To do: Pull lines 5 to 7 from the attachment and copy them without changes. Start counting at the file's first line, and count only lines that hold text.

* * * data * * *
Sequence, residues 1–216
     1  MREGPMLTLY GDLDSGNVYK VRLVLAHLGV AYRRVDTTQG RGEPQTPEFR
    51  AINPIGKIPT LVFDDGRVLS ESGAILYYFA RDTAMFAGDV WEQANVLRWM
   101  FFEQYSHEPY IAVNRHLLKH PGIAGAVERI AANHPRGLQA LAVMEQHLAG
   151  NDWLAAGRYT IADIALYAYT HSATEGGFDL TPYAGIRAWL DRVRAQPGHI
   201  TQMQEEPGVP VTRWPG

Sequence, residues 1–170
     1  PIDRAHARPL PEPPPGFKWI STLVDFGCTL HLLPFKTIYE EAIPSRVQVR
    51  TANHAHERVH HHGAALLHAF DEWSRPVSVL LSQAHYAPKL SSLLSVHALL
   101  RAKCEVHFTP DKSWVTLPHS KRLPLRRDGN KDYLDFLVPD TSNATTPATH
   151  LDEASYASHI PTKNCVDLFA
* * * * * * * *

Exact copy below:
   151  NDWLAAGRYT IADIALYAYT HSATEGGFDL TPYAGIRAWL DRVRAQPGHI
   201  TQMQEEPGVP VTRWPG

Sequence, residues 1–170